EU's agri-food trade surplus increased at start of 2021

In January and February 2021, the value of EU agri-food exports totalled €28.5 billion (a decrease of 6% compared to the same period in 2020), while the value of imports fell by 12.5% to reach €18.2 billion.
calendar icon 14 June 2021
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The agri-food trade surplus for the first two months of 2021 stood at €10.3 billion, an increase of 8% compared to the corresponding period in 2020. These are amongst the main findings published today by the European Commission in the monthly trade report for January-February 2021.

The United Kingdom’s withdrawal from the European Union had a significant impact on EU agri-food trade with the UK, with the exports declining in value by €1.13 billion and imports falling by €1.38 billion. Trade with the USA also dipped, with the value of exports falling by €287 million and the value of imports dropping by €191 million.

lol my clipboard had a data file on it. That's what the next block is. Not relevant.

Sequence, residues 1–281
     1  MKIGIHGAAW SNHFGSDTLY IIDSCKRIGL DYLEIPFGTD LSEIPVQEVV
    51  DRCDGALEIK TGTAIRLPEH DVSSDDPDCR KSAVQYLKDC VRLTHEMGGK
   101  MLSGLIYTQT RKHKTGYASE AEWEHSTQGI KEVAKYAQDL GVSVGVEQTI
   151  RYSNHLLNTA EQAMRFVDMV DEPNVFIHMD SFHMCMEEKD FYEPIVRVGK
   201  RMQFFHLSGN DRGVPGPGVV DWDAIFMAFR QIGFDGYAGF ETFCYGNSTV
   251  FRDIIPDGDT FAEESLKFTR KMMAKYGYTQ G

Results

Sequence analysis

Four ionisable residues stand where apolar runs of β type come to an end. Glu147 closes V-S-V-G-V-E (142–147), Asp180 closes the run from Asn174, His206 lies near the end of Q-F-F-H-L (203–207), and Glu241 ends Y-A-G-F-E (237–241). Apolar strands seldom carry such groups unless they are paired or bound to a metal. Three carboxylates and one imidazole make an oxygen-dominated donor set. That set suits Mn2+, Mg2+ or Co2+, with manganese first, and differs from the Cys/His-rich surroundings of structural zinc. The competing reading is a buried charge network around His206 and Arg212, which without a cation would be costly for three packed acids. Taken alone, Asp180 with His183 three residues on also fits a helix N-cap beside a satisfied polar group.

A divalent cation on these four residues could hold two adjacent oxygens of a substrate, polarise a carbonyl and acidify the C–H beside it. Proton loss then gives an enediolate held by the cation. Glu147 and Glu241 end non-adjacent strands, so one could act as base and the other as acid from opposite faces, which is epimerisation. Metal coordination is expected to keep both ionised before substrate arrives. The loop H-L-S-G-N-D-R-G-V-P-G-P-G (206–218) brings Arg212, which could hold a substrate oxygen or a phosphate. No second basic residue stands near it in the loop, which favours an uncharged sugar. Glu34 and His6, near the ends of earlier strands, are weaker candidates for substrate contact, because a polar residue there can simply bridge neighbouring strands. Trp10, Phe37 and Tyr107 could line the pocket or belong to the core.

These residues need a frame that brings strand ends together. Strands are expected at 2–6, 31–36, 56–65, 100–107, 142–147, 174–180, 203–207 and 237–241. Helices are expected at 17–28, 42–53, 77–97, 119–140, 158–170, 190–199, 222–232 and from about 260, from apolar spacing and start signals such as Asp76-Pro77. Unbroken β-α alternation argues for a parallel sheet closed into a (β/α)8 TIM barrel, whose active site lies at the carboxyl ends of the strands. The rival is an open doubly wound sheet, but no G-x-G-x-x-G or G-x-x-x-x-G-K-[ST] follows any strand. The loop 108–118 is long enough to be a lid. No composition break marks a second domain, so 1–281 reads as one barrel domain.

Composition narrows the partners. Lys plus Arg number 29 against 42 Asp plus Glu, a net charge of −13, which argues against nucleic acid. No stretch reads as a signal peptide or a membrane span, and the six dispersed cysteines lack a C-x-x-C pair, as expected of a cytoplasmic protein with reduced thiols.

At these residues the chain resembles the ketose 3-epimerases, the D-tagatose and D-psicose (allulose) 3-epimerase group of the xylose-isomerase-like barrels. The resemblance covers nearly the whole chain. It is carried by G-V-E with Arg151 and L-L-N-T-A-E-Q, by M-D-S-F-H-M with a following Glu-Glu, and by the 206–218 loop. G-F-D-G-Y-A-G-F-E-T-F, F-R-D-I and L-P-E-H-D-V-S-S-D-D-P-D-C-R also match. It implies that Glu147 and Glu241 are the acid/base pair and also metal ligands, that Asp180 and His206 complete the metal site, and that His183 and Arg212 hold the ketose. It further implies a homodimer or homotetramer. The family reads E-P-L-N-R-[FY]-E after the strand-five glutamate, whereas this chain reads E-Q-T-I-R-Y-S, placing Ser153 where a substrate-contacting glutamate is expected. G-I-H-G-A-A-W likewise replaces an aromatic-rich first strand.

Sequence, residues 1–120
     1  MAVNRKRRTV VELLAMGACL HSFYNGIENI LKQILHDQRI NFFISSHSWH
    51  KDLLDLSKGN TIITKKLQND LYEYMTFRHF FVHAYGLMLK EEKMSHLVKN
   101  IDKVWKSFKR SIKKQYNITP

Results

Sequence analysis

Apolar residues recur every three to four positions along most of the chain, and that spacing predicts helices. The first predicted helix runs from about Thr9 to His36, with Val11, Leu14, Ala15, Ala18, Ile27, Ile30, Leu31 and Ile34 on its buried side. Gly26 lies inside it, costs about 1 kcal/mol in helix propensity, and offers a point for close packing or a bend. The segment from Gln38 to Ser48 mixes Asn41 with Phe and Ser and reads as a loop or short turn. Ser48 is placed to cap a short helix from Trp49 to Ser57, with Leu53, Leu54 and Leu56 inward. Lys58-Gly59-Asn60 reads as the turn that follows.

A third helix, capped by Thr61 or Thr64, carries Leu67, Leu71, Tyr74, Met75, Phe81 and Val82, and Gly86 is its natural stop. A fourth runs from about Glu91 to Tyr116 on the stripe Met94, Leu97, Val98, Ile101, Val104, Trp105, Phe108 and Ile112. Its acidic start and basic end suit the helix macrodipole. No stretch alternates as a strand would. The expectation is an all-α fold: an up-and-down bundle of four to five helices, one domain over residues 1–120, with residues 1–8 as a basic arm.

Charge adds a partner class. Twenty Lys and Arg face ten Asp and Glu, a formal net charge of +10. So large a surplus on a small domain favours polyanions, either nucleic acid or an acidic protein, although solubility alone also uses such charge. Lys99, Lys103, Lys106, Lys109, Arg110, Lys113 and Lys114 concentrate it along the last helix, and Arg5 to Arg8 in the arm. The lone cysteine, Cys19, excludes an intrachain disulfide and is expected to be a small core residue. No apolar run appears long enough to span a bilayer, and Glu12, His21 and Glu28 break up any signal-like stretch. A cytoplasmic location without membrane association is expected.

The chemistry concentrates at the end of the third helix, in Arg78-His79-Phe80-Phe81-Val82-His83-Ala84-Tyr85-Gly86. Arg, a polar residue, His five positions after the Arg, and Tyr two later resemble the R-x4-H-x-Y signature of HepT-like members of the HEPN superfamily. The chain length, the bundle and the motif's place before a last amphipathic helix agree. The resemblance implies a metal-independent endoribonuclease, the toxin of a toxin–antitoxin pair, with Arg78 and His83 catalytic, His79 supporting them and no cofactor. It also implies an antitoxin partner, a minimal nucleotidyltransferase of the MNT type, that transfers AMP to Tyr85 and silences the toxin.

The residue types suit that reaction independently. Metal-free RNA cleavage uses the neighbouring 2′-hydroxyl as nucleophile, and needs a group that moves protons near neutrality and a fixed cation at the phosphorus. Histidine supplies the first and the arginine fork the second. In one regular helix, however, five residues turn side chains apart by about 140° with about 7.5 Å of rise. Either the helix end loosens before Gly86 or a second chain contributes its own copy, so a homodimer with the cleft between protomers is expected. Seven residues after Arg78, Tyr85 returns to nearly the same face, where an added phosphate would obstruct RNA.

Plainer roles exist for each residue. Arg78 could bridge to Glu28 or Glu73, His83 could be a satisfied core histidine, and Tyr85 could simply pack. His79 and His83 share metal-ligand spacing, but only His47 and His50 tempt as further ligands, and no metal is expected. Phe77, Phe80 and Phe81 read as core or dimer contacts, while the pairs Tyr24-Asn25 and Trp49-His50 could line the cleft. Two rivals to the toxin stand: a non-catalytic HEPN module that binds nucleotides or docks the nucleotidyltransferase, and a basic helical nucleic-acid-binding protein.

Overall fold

Further declines in export values were recorded in relation to Russia (down by €169 million), Japan (a drop of €141 million), and Saudi Arabia (a decrease of €90 million), while notable falls in import values were recorded for Indonesia (down by €184 million) and Ukraine (down €170 million).

Compared to January-February 2020, the value of EU agri-food exports to China rose by €529 million, while increased export values were also recorded in relation to Nigeria (up by €84 million), Norway (up €75 million), and Chile (a rise of €57 million). In terms of imports, increased values were recorded for products from India (€49 million), Canada (by €40 million), Serbia (by €36 million), and Nigeria (by €34 million).

n terms of product categories, significant reductions in value were noted for the majority of EU agri-food exports, in particular wheat (down by €223 million), infant food (down by €214 million), spirits and liqueurs (a fall of €188 million), and preparations of vegetables and fruit (down €119 million). However, the value of pigmeat exports grew by €124 million.

As regards import values, the largest decreases were reported for tropical fruit (falling by €411 million), spirits and liqueurs (declining by €194 million), and palm and palm kernel oil (dropping by €187 million). On the other hand, notable increases in import values were recorded for oilcakes (up by €307 million) and soya beans (up €126 million).

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